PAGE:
‘You have to do your own growing no matter how tall your grandfather was.” ~Abraham Lincoln
Personal growth is not something that comes easily. It’s a process, and it can be a challenging one, at that. If we’re lucky, personal growth comes from an organic shift in our life’s tasks such as graduating from grad school and nailing that degree on the wall, or moving to a new city to start our career.
In this respect, growth is fostered by accomplishment as part of a new stage in life.
However, growth isn’t always so simple, or so pleasant.
Because growth is a process, it can be painful. It forces us to see and face the very nature of where we are and who we are. Building healthy habits, taking a risk, stretching ourselves outside of our emotional comfort zone, or breaking an unwanted habit are all choices that foster growth.
And these are fostered by fear and discomfort as part of outgrowing a stage in life.
It’s easy to embrace growth when it’s handed to us as part of success or accomplishment.
But, embracing growth as part of pain?
Not so much.
More often than not, the greatest growth emerges when we become aware of what we’ve outgrown and in taking the leap to conquer that growth.
…Otherwise, we stay stuck.
The problem with staying stuck is that it feels good. Fear of the unknown is what triggers us into a loop, preventing the very growth we want — or need — while comfort molds into complacency, keeping us stuck in that loop.
In order to master personal growth, we can’t keep looping back to where we are in life, or we’ll never get to where we want to be.
Even growth from accomplishment is stressful and brings discomfort and a fear of the unknown with it. Anyone who’s been up against endless nights studying for exams, writing a proposal, taking the plunge in a new relationship, or searching for ways to stand out from the crowd in a job interview has experienced this.
But, growth from fear and discomfort are what can trigger us into action — into facing what scares us and into moving past our discomfort.
Self-awareness is what emerges from conquering fear and discomfort.
Here are three points to remember when conquering growth:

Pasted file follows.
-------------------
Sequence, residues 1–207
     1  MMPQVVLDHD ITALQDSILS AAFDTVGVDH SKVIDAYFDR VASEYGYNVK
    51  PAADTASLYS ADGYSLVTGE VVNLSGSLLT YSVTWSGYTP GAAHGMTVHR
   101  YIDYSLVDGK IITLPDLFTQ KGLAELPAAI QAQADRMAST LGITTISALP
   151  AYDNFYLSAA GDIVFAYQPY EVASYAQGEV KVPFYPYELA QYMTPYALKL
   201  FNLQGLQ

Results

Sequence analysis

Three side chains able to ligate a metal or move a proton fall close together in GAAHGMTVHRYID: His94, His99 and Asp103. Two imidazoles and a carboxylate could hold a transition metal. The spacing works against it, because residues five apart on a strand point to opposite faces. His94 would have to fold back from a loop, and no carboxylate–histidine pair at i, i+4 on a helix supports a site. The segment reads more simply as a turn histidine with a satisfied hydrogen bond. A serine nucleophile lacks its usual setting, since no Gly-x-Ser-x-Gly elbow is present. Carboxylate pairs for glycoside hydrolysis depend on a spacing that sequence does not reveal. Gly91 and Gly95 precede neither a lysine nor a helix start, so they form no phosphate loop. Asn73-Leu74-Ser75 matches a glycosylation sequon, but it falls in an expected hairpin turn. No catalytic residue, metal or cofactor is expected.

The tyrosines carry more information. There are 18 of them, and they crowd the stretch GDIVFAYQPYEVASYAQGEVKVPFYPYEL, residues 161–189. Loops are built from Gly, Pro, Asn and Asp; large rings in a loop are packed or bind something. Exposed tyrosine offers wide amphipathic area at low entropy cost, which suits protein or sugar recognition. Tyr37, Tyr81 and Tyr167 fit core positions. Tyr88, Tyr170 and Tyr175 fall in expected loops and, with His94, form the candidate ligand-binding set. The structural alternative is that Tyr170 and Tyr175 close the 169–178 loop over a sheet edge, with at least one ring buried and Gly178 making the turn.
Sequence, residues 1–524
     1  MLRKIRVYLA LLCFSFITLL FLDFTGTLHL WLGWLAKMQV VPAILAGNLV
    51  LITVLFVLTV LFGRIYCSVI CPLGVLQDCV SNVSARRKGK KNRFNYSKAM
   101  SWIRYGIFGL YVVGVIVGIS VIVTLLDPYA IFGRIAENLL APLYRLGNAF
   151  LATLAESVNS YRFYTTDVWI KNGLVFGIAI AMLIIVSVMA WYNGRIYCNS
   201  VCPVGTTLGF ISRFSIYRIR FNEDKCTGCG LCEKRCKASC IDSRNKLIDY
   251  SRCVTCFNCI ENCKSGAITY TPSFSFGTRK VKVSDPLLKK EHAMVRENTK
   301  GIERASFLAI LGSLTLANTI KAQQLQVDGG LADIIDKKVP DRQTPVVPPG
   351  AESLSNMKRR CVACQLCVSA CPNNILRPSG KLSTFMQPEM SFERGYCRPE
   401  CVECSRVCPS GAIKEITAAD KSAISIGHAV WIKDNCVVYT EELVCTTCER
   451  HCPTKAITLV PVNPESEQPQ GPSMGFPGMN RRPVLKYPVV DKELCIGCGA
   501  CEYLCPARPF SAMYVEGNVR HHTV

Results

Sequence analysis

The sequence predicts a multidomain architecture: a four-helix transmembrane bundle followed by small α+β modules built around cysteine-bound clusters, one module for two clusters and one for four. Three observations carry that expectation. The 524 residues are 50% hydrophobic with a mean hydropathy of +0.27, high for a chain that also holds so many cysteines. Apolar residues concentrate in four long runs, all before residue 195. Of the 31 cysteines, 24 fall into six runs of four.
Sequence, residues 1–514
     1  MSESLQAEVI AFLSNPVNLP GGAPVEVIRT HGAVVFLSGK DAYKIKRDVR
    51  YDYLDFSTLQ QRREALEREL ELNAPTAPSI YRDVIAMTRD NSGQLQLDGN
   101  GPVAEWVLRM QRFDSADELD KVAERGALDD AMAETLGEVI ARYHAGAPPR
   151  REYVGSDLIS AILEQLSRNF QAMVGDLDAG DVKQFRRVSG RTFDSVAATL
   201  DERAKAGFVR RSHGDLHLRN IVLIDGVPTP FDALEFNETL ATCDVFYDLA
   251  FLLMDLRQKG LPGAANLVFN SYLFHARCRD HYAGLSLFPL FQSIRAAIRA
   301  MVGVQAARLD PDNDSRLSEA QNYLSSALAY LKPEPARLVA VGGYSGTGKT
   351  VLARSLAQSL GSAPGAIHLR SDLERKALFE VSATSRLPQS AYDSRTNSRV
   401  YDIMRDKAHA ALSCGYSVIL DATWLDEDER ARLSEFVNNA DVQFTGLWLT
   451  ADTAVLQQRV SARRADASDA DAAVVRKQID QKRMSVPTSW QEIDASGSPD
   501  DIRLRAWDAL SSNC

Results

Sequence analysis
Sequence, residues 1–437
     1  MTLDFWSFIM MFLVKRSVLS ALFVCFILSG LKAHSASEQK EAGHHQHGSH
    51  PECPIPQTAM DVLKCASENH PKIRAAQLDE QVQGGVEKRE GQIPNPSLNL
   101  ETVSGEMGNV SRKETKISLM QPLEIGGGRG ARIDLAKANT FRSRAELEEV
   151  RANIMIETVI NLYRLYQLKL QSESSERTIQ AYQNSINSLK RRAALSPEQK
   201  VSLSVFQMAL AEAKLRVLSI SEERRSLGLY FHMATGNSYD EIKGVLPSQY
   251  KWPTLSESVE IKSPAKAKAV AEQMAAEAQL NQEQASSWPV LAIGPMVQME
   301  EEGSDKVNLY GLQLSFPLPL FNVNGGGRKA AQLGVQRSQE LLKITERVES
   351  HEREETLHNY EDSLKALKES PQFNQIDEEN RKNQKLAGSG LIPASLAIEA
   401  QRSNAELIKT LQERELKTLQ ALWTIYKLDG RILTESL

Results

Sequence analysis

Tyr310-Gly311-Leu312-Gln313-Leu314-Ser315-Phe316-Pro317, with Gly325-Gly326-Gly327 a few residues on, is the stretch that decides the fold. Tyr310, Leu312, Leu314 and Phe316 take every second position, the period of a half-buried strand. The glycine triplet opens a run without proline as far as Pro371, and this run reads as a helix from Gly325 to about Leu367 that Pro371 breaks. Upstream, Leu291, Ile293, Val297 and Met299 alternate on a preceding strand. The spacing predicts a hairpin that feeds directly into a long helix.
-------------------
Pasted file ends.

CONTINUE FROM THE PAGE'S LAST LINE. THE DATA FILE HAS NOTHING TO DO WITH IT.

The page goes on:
Master Your Discomfort. Too much comfort can lead to boredom, self-sabotage or distress. The fact is, if you’re too comfortable in your daily life, then you’re avoiding growth by choosing complacency. There should be moments of uncertainty, moments of regret, and moments of rethinking things — these are what trigger discomfort and fear which can be catalysts for emotional growth.
Or, at the very least these moments can be used as triggers for self-awareness.
Mastering our discomfort is about getting in touch with our feelings, our emotions, our habits and examining where we are. This can’t be accomplished unless we’ve reached a place of acceptance with our starting point.
When you’re comfortable, you become complacent; When you’re growing, you’re moving out of your emotional comfort zone.
Master Your Flow. Flow is reached when you’ve been feeling comfortably uncomfortable in growth. It is reached when you’ve made peace with the unknown, are consistent in finding your niche with your emotional growth, and are pushing yourself outside of your comfort zone, but not so-much-so that you’ve scared yourself back into complacency.
For example, when we exercise, we find our flow that helps us get the max payout from our workout. Yet, if our flow is entirely caught up in mastering our physical body, we become unaligned — a proverbial house of cards. Finding our flow needs to include getting comfortable being uncomfortable emotionally, mentally and physically, so that we can target these areas needed for growth.
When growth is not part of an organic shift, it is experienced from a cognizant shift and through deliberate action. In other words, what doesn’t happen naturally for growth, we need to take into our own hands in order to grow.
Master Your Growth. Mastering our growth is a process. We need to be aligned physically, mentally and emotionally. By avoiding awareness, or trying to run from discomfort, we’re also running from growth.
Long-term growth requires constantly pushing ourselves past our comfort zones, past complacency, and into the unknown — to continue challenging ourselves.
Give yourself permission to stumble; here is where character is built and humility is learned.
Give yourself permission to recognize your limitations.
Most importantly, give yourself permission to continue trying. Mastery requires practice.
Calhoun, L. G., & Tedeschi, R. G. (2006). Handbook of posttraumatic growth: Research & practice. Mahwah: Lawrence Erlbaum Associates.
Erikson, E. (1963). Childhood and society. New York: Norton.
Erikson, E. H. (1959). Identity and the life cycle: Selected papers. New York: International Universities Press.
Snyder, M., & Cantor, N. (1998). Understanding personality and social behavior: A functionalist strategy. In D. T. Gilbert, S. T. Fiske, & G. Lindzey (Eds.), The handbook of social psychology (p. 635–679). McGraw-Hill.
Tedeschi, R. G., & Calhoun, L.G. (1996). The Posttraumatic Growth Inventory: Measuring the positive legacy of trauma. Journal of Traumatic Stress, 9, 455–471.
Previously published on medium
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